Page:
Somewhere down in the graves underneath the old church, the Sleeper has been sitting tight for quite a long time. For a long time, to be exact, following the time when Christ came to Earth to caution us of its presence. It is Absolute Evil, and now its time has come back once more. Here it is currently, green and indistinct, spinning around inside the goliath glass tube like zucchini in a blender. The tube is bolted, yet X-beams uncover that it is locked from within.
An old minister uncovers the mystery of the Sleeper, and a more youthful cleric enrolls a hypothetical physicist to help in the fight as the Sleeper stirs. The physicist accumulates a gathering of graduate students, and they move into the old church, with their PCs and collapsing bunks, to do fight with wickedness. What’s more, at to begin with, every one of this is extremely charming, as John Carpenter’s “Den of Darkness” gets off to a captivating begin.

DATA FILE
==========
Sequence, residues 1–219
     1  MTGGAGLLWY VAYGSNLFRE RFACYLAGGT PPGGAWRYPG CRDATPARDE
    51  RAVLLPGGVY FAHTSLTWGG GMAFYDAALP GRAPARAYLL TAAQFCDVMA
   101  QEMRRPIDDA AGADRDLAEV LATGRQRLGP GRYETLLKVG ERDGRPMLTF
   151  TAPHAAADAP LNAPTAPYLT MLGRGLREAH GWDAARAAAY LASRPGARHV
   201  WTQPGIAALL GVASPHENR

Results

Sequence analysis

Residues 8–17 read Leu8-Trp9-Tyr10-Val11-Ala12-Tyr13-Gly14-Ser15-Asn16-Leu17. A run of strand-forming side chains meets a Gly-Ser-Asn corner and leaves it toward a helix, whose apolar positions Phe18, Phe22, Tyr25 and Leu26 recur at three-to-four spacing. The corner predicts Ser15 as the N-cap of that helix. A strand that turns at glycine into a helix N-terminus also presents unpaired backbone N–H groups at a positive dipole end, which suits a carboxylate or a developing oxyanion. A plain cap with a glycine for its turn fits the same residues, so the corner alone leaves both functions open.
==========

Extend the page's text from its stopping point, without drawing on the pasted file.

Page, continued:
Be that as it may, then the film loses its direction. Rather than a fight amongst science and the heavenly, between the conviction of the unmistakable world and the disarray of the subatomic world, what we get is another of those motion pictures in which the groups of the great folks are involved by the shrewd compel, in a steady progression, until the last fierce conclusion.